IN ALL FAIRNESS - Healy has made the right decision

It’s not often that a man from Kilruane becomes the most spoken about player in Irish rugby as he was last week, well apart from the status of Jonathan Sexton’s cheek-bone that is.

Ben Healy’s decision to leave Munster at the end of the season, while disappointing from a local point of view, isn’t all that surprising and is entirely understandable for many reasons.

First of all, Ben is ambitious and while it isn’t that Munster aren’t ambitious enough for him at the moment, things that have happened over the last few months have suggested the writing was on the wall as regards his standing in the pecking order, at both provincial and national level.

In terms of Munster, he is in his fourth season and has been developing year on year since making his debut in November 2019. He really came to prominence at the start of the 2021/2022 season when he landed a monster penalty to win a PRO14 League game away at the Scarlets.

The big occasions were few and far between however, apart from last seasons Champions Cup quarter final loss to Toulouse where he had the balls to stand up and take two of the penalties in the shootout, which unfortunately didn’t come off. However, with Joey Carbery ahead of him in the national pecking order, which means when he is fit he generally plays for Munster in the big games. The recent progression of Jack Crowley which saw him not only get more game time at Munster, but also start against Australia in the Autumn Nations Series, more or less indicated where the international management saw Healy not only in the Ireland pecking order, but also in terms of Munster.

One of Ben’s best games for Munster came last November in the tour game against South Africa ‘A’ in Pairc Ui Chaoimh. Yet, when the two big Champions Cup games came around before Christmas, Healy failed to make the matchday squad against Toulouse and Northampton. It’s hard not to think that was the time when Ben made the decision to accept the offer from Edinburgh to join the Scottish side for the next two years.

To some, this might appear like Ben is quitting but it is the opposite. With Carbery and Crowley ahead of him in the Ireland pecking order there is a lot of pressure on the Munster management to give them as much game time as possible, which means Ben losing out, as we saw last month.However, if selection was a solely Munster decision, you’d wonder would Graham Rowntree think differently such were Healy’s performances against South Africa ‘A’, and more recently against Ulster on New Years Day when he came off the bench to scoring the winning try and conversion in Munster’s 15-14 win. Then there was last Friday night in Cork in horrendous conditions against the Lions, Healy controlled the game superbly in Munster’s big win in the URC.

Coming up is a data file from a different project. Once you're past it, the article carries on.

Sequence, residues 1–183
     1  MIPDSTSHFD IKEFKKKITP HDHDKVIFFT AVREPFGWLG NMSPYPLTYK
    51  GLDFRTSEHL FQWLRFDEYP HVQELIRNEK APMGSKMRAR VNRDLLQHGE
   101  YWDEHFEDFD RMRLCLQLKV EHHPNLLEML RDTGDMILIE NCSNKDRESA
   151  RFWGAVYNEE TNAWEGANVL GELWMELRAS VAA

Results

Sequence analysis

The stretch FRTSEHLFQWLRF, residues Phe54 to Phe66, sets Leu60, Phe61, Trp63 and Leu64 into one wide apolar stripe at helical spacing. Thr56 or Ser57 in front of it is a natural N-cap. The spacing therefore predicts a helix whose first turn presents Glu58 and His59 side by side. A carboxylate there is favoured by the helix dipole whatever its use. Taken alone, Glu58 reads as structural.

However, the most interesting aspect of Ben’s move to Edinburgh is it opens the possibility of him playing for Scotland at international level. Ben is eligible to play for them through his Scottish grandparents and has been strongly courted by head coach Gregor Townsend in the past.

Interestingly, Ben doesn’t have to play for Edinburgh to be eligible to play for Scotland so could, in theory, he could be involved against Ireland in the Six Nations on March 12th in Murrayfield, and also the World Cup group game in Paris on October 7th, which is likely to be decisive in who progresses to the quarter-finals. You can see the headlines now if Ben ends up breaking Ireland’s World Cup dreams once more.

However, he hasn’t made a firm decision yet on declaring for Scotland but there is no sense that unless there is a major injury crisis at out-half with Ireland in the coming weeks that Andy Farrell will come calling.

As much as the importance of Jonathan Sexton being fit to play as much of the World Cup as possible, is who will be the next in line if he doesn’t play, and unfortunately Ben doesn’t appear to be in the conversation. At the moment, Joey Carbery, Jack Crowley and Ross Byrne all played in the Autumn Series. Then there is Ciaran Frawley who went to New Zealand last summer while another Leinster man in Harry Byrne is also highly touted. Then there is Jack Carty in Connacht and Billy Burns in Ulster, both of whom have played at senior level for Ireland. All those players tend to be mentioned ahead of Ben Healy in any conversation of who is next in line for Ireland and Ben will know that too and if he wants to taste international rugby, it might have to be with a country other than Ireland.

But that is okay as his links to Scotland are a lot stronger than some current Ireland internationals have that are wearing the green jersey, and no one will think any less of Ben Healy if he chooses to year the purple of Scotland. In leaving the comfort blanket that is Munster, he has made the hardest decision possible. Only time will tell if it has been the right one!